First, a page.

The DAK Group – Middle Market Investment Bankers

For-Profit Education’s Path Forward

As Published in Inside Sources.

For-Profit Education’s Path Forward.

The Trump administration has announced that training programs will have until July 1 to appeal to the Department of Education for reconsideration of compliance under current gainful employment and revenue reporting guidance.

The for-profit education sector sees this as a sign that the administration will lift the heavy regulatory burden that threatens to crush the sector. However, the debate over the regulatory burden ignores the financial weakness of the for-profit education sector that has been severely harmed by high-profile abusive practices and failures.

The health of the U.S. economy depends on a productive for-profit educational system. Although each incoming president invariably pledges to be the “education president,” community colleges and other public educational institutions are not producing the skilled workers needed by the economy. Unlike countries such as Germany, the United States lacks an effective vocational training system, and the importing of workers is a political hot potato.

The private sector has been successful in creating “boot camps,” but these are expensive and confined largely to the niche tech market. Ideally the for-profit sector should be the training ground for student job readiness.

Many of the woes of the for-profit educational sector were self-inflicted. Deceptive sales and marketing practices led to scandals, and since 2009 enrollment and profitability have declined. Enormous chains such as Corinthian Colleges, Education Management Corporation and ITT Technical Institute have collapsed.

The government’s response was draconian. The Department of Education imposed onerous conditions on a bid for the company that owns the University of Phoenix. The Obama administration moved to shut down a primary accreditor of for-profit colleges. Hundreds of for-profit institutions will be driven out of business if this approach is continued.

The sector’s “strategy” seems to be confined to hoping that it can successfully lobby the administration to lighten the regulatory burden. However, even if President Trump takes pity on the sector, the long-term prognosis is not positive; the financial degradation of the sector is advanced.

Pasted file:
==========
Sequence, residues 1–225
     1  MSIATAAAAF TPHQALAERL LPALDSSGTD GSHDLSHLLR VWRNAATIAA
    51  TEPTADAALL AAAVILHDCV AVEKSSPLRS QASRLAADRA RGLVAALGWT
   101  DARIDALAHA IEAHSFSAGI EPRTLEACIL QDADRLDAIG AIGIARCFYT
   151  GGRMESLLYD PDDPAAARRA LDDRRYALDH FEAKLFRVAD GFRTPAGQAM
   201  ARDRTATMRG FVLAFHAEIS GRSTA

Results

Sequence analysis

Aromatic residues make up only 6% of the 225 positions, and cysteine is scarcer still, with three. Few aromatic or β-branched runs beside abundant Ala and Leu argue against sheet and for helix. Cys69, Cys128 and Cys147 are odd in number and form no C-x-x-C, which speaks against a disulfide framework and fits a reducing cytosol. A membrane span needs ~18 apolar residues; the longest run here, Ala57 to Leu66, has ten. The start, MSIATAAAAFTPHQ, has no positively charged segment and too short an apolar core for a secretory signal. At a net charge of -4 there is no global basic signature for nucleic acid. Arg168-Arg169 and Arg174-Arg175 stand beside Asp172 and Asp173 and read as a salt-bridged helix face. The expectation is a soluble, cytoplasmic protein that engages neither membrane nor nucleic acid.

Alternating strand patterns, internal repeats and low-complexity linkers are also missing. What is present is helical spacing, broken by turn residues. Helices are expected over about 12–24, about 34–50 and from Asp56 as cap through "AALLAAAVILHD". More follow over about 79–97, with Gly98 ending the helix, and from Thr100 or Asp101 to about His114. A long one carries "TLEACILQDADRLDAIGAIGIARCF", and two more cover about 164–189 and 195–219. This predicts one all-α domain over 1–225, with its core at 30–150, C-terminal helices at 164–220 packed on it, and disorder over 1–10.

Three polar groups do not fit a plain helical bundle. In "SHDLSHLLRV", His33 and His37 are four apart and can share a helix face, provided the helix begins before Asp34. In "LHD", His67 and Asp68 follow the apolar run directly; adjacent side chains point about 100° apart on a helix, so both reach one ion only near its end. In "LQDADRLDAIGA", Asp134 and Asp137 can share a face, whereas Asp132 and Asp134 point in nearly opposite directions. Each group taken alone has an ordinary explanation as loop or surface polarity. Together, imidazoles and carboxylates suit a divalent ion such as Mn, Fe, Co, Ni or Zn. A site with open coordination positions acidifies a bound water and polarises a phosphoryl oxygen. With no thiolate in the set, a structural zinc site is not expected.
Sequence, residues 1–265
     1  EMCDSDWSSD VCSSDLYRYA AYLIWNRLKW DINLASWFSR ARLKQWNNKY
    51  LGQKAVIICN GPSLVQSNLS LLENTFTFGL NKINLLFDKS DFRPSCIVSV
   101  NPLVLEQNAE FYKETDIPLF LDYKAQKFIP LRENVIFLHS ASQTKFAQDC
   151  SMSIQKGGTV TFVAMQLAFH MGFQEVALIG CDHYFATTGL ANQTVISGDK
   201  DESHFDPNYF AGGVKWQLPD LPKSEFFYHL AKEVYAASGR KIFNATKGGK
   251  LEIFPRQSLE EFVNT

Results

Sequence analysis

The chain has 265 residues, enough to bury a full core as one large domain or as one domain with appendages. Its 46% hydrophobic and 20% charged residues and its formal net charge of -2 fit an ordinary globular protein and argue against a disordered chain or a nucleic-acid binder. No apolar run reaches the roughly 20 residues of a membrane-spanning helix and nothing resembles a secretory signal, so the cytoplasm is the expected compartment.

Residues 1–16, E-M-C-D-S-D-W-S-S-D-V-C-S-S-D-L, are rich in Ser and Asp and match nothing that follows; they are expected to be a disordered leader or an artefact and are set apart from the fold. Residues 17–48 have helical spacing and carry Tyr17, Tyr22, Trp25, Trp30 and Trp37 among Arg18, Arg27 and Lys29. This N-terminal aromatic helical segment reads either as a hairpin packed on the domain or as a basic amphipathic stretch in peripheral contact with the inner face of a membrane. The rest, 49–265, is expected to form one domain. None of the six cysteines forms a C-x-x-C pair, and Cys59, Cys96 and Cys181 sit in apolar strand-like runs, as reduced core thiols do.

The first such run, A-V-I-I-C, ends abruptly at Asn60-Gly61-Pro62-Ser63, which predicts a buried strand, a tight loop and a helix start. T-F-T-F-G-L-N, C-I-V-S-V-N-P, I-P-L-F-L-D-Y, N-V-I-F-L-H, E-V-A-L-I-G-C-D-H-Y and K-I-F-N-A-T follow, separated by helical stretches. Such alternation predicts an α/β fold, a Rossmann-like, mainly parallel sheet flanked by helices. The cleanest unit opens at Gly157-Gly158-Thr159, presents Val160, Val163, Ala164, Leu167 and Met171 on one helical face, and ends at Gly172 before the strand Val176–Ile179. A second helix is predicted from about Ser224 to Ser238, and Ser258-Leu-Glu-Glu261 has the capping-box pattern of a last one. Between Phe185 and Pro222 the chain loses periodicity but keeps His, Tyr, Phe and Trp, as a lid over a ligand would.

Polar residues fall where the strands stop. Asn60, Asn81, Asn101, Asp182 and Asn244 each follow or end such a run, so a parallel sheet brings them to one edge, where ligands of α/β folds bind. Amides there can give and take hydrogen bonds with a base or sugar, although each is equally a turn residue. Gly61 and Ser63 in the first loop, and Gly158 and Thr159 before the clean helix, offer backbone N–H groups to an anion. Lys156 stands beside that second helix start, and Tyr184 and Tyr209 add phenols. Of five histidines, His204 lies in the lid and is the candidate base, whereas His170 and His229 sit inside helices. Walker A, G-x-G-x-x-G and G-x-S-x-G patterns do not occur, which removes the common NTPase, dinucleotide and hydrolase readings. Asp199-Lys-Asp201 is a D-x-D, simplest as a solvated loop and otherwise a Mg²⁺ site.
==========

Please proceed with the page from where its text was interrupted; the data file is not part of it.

Data on enrollments and economics show this, but I also know it firsthand. Representing foreign buyers looking to enter the market, I have looked extensively at possible targets. The prospects were underwhelming. The targets lacked long-term, and often even short-term, viability — their operations were characterized by rapidly declining revenues, plummeting student enrollment, unrealistic projections, probation with accreditors and even regulatory non-compliance as yet undetected by the authorities.

It is not easy for the sector to “fix” itself. It’s very difficult to restructure troubled for-profit institutions; Chapter 11 of the Bankruptcy Code is not really viable because colleges lose access to federal financial aid funds if they file under Chapter 11. The absence of realistic bankruptcy scenarios discourages sophisticated turnaround activity. To the detriment of the sector, restructuring activity has been largely confined to piecemeal operational improvements and “fire sales.”

There is a path forward for the industry, though. Blending in-person instruction with creative uses of online media is the way of the future. New learning tools fueled by technology can significantly improve teaching and student retention.

For-profit schools need to use these tools, revise their curricula and rethink their preparation of students for jobs.

However, much of the industry is characterized by a “mom and pop” model that lacks the funding and expertise to implement such changes. The proprietors are overwhelmed not only by regulatory demands but also by the technological advances and outlays needed to revamp their pedagogy.

Rational consolidation would enable institutions to develop the expertise and have the financial resources to implement tools that are already available and will continue to be developed. Ideally, for-profit colleges should be proactive and not wait for government intervention. Those that are far-sighted will look for consolidation opportunities available from both U.S. and foreign sources.

Realistically, however, government regulation will be needed to drive rational consolidation, which would lead to sustainable growth. It would be advisable for the administration to avoid veering from the draconian current regulations to a laissez faire deregulation that is likely to bring back the abuses of the past and mask the sector’s financial weakness. A nuanced approach would ease regulations such as “red tape” restricting mergers but would retain safeguards against predatory practices.

The for-profit education sector needs a nuanced regulatory framework so that the U.S economy can benefit from a workforce that possesses the requisite training. The future of the sector, and the U.S. economy, depends on whether the Trump administration restructures the troubled for-profit education sector by fostering rational consolidation. The stakes are high.


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